At most, just 7% of the human genome is unique to our species. We share most genes with Neanderthals, Denisovans, and other ancestors.

Neanderthal
An employee of the Natural History Museum in London looks at model of a Neanderthal male in his twenties, which is on display at the museum’s “Britain: One Million Years of the Human Story” exhibition, September 2014.

Humans like to think they’re special, but our genes suggest that’s far from the case.

No more than 7% of the human genome is unique to Homo sapiens, according to a study published Friday in the journal Science Advances.

We share the remaining chunks of our genetic material with other human ancestors, or hominins, including our Neanderthal cousins and the Denisovans first discovered in east Asia.

“The evolutionary family tree shows there are regions of our genome that make us uniquely human,” Richard Green, director of the paleogenomics lab at the University of California, Santa Cruz and co-author of the new study, told Insider. “Now we have a catalog of those, and it’s a surprisingly small fraction of the genome.”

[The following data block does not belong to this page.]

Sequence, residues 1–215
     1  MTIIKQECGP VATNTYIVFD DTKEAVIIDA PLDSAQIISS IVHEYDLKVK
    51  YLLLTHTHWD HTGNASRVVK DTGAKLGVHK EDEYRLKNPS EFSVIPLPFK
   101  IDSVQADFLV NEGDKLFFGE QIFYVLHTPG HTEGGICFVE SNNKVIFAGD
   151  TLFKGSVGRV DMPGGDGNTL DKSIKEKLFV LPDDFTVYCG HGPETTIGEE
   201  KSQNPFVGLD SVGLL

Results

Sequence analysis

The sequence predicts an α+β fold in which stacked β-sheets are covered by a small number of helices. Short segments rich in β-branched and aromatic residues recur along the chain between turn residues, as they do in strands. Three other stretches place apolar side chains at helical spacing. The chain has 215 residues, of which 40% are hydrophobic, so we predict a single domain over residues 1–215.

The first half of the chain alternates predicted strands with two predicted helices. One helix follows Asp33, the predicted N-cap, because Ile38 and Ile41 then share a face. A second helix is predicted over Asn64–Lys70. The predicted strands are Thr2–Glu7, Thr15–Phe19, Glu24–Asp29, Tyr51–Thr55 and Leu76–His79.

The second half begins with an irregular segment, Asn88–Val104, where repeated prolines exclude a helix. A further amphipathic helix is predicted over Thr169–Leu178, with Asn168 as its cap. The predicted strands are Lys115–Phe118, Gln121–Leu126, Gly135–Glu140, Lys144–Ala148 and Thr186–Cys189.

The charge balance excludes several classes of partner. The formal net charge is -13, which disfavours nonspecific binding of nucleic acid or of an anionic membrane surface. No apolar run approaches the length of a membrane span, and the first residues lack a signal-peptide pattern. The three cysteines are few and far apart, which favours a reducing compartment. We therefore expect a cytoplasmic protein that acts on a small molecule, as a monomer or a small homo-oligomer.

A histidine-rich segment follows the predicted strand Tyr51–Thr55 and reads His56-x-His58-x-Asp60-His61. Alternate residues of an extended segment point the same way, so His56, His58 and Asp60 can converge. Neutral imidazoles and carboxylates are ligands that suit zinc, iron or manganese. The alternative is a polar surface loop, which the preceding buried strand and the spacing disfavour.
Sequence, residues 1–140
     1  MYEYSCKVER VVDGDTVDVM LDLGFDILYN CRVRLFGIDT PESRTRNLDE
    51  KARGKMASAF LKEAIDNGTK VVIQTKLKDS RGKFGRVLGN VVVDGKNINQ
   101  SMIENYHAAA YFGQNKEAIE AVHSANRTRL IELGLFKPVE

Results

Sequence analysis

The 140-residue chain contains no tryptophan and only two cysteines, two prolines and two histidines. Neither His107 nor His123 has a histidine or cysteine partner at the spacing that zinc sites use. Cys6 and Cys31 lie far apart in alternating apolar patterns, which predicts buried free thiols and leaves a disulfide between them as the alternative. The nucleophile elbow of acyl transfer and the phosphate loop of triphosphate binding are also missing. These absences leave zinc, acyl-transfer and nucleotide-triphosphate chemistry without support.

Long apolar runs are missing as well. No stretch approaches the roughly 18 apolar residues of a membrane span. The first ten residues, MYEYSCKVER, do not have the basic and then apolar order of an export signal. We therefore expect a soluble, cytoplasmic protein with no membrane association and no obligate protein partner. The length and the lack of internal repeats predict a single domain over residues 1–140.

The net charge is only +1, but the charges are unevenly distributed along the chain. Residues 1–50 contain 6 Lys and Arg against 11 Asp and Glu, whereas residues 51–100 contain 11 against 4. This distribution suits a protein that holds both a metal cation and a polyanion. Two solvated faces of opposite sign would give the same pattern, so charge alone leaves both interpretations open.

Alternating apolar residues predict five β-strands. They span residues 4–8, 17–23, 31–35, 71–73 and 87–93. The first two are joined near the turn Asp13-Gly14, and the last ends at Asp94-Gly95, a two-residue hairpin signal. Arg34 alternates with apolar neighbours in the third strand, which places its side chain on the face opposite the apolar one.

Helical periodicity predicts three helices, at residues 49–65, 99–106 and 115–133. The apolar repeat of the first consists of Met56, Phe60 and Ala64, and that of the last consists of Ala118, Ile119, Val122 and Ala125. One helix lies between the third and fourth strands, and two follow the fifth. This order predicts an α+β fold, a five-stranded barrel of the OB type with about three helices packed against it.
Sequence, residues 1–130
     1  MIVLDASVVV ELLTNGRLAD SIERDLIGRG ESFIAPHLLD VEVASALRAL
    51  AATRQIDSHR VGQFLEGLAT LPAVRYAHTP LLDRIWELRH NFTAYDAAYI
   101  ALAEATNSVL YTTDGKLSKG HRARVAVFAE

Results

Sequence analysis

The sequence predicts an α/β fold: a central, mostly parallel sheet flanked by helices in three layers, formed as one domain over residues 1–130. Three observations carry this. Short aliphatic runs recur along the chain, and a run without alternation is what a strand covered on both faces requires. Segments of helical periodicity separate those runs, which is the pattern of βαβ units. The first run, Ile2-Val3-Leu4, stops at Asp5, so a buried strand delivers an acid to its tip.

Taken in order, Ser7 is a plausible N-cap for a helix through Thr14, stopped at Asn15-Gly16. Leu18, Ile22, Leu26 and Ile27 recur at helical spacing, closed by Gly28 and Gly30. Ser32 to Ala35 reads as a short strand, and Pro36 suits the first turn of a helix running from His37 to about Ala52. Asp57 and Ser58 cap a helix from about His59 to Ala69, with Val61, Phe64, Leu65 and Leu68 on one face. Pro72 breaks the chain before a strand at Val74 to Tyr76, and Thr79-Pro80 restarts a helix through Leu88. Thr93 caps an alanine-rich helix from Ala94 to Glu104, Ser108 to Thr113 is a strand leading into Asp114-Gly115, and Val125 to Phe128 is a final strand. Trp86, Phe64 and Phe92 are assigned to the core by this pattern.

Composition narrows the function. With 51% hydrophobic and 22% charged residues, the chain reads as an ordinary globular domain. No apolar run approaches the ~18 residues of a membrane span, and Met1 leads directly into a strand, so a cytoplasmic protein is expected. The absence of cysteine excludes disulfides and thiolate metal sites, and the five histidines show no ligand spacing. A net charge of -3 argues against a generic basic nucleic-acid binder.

Anthropologists already knew that our hominin ancestors all interacted and interbred – exchanging genes and stone technologies that altered the course of our species’ evolution. But these new findings further underscore just how frequently that intermingling happened in the last 300,000 years or so, since the first known population of modern humans emerged.

“More or less everywhere we look, admixture is not the exception at all, but rather the rule,” Green said.

Genetic evidence suggests our ancestors interbred with mysterious hominins

Neanderthal family
An exhibit shows the life of a neanderthal family in a cave in the new Neanderthal Museum in the northern town of Krapina, Croatia, February 25, 2010.

To construct a hominin family tree, Green’s team sequenced and compared genomes from 279 modern humans – sampled from people all over the world – to ancient genomes from one Denisovan and two Neanderthals. Then, the researchers used a computer algorithm to determine out how each of those individuals are related to each other.

The analysis tool, which Green said took years to develop, helped them distinguish what parts of the human genome are devoid of admixture – meaning these sets of genes aren’t seen in Neanderthals or Denisovans.